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“Therefore it is necessary to choose one of the men who have been with us the whole time the Lord Jesus was living among us, beginning from John’s baptism to the time when Jesus was taken up from us. For one of these must become a witness with us of his resurrection” (Acts 1:22, 23).
Peter proposed certain qualifications in the disciple that was chosen to replace Judas. That disciple needed to have been with Jesus as an eye witness during the three years of Jesus’ ministry. Jesus’ life, ministry and death needed to have left a great impact on his life.
On repeated occasions, the disciples gave witness of their personal observations of Jesus, using such words as, “We are witnesses of everything Jesus did in the country of the Jews and in Jerusalem. They killed him by hanging him on a tree, but God raised him from the dead on the third day and caused him to be seen” (Acts 10:39–40).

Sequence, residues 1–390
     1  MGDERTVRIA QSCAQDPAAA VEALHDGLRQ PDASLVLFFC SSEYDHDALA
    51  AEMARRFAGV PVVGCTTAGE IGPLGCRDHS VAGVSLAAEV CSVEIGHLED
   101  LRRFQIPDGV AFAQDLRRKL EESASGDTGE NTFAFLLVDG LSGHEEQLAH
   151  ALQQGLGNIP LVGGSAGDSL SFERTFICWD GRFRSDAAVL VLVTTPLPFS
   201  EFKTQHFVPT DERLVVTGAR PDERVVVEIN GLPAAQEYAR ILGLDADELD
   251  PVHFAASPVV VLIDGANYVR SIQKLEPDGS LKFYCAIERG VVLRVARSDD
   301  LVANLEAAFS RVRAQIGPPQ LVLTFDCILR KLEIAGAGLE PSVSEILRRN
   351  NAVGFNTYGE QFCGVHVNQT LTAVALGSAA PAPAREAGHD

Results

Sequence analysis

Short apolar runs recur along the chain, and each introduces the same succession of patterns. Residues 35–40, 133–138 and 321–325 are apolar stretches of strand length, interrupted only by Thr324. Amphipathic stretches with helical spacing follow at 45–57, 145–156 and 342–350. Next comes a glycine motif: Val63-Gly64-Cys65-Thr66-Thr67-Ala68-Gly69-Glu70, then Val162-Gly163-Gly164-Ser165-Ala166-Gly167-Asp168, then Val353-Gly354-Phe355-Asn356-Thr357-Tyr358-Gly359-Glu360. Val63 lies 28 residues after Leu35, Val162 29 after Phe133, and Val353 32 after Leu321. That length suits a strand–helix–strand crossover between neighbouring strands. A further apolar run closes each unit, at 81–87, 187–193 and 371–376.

The prayer group nominated two who met these qualifications, Joseph Barsabbas and Matthias. Then the disciples cast lots, thus giving God freedom to make His choice clear. The lot fell to Matthias, and he became the twelfth apostle (Acts 1:26).
Matthias or Mattathias, which is from the Hebrew Mattithyah, means a “gift of Jehovah.” He is not mentioned again, apart from v. 26, and there is no reliable tradition concerning his career. Eusebius (Ecclesiastical History i. 12. 3; iii. 25. 6) includes him among the Seventy, and mentions an apocryphal gospel attributed to him. He is said to have been martyred in Ethiopia or in Judea.
In His service,